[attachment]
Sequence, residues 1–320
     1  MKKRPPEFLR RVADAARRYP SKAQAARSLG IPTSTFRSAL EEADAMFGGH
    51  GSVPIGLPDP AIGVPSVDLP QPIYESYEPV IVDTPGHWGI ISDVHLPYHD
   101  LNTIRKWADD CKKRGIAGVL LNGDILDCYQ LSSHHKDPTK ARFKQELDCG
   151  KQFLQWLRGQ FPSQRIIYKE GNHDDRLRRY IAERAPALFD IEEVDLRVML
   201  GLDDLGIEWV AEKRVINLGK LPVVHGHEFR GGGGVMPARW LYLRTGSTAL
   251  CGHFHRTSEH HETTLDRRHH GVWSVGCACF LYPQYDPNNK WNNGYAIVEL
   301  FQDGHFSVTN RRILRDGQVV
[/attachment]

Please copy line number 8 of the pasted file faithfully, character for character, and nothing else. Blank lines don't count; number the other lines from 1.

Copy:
   301  FQDGHFSVTN RRILRDGQVV